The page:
The ability to access, collect, and analyze data is what gives us the power to correctly identify and pursue business targets. It’s what makes progress possible via innovation, customer care, or efficient operations. Each emerging technology we have come to know in the last decade is powerful enough and useful enough on its own. But, when they are used together in concert, the possibilities become manifold. That is the true power of the fourth industrial revolution — the amplifying power of these enabling technologies when used in combination.

It’s easy to visualize combination use of IoT and AI because of IoT’s ability to collect data and AI’s to analyze it. Meanwhile, AI and Blockchain are two major technologies that have been leading the pace of innovation for the last few years. However, academics and commercial practitioners are still debating about applications combining AI and Blockchain. How exactly can AI use data stored in encrypted distributed ledger format when AI needs to ingest lots of it to make sense?

The answer may lay in a better understanding of how valuable our data actually has become. As a society, we are only beginning to see how large institutions are benefiting from using our data, which they collect for free. In some cases, our data is collected to the point of invading our privacy, and we as individuals don’t know or have much control over it.

The emergence of Blockchain may change this by starting to store data securely on a distributed system, and only permitted data to permitted entities will be allowed access. This way, individuals would know exactly what data is being used and when. And, people may even be able to monetize properly the data that’s being used.

A number of solutions that pair up AI and Blockchain technologies are beginning to emerge. BEXT360 is an example. They have AI predicting the quality of coffee beans from a given climate and growing pattern. Meanwhile, Blockchain is used to keep an immutable record of farms about where the beans come from with exact details about specific coffee shipments along the journey. As an added bonus, payments get processed more quickly because of Blockchain’s built-in payment ledger attributes.

Whatever happens in the Big Data scene, we must keep in mind ethical and logical use of it. We always have to be mindful so that we can continue getting the maximum benefit out of this new currency, data. It may not be so far out in the future that we come across another set of data that may truly advance our lives.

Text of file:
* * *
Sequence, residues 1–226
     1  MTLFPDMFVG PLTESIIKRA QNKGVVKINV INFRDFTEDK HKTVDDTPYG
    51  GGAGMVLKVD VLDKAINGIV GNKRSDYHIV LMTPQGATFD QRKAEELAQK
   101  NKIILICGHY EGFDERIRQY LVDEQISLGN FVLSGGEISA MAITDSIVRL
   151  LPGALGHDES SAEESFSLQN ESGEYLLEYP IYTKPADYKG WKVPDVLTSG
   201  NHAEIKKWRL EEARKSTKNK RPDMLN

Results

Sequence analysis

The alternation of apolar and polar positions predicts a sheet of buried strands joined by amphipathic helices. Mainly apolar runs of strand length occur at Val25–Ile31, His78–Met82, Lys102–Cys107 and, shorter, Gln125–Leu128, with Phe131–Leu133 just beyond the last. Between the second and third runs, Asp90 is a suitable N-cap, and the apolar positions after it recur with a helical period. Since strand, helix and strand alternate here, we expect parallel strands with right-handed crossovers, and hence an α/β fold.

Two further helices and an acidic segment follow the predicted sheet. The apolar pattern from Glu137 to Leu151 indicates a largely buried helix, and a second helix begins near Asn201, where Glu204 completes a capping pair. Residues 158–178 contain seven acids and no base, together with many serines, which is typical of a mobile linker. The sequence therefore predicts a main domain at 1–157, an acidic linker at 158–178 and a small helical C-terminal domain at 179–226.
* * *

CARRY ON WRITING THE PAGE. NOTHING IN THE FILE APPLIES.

Developing or adopting a new solution, even without working with a brand-new technology, is a hard-enough task as is. Having to understand an emerging technology while developing a solution makes the process even more complicated. Overlaying governance work on top of that seems nearly impossible, but we could end up with a solution that is not practical in real life without it. If we can make the technology work for us properly, it could be a great asset to conduct our work effectively. Within this governance framework, employing a combination of AI and Blockchain can be a truly powerful way of enabling the amplification of the economic benefits. Of course, with the emergence of Quantum Computing, governance could jump to another level entirely, but we need further data points about its development before we can really factor this in, so it’s a topic to explore another day. At this stage, with what we know today, we’d put a stake in the ground that the fourth industrial revolution will follow the trend and become a faster and greater economic expansion than the previous ones. This economic reality could be just around the corner.

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Harumi Urata-Thompson

Harumi Urata-Thompson

HUT Consulting is transforming one business at a time. harumi@hutconsulting.com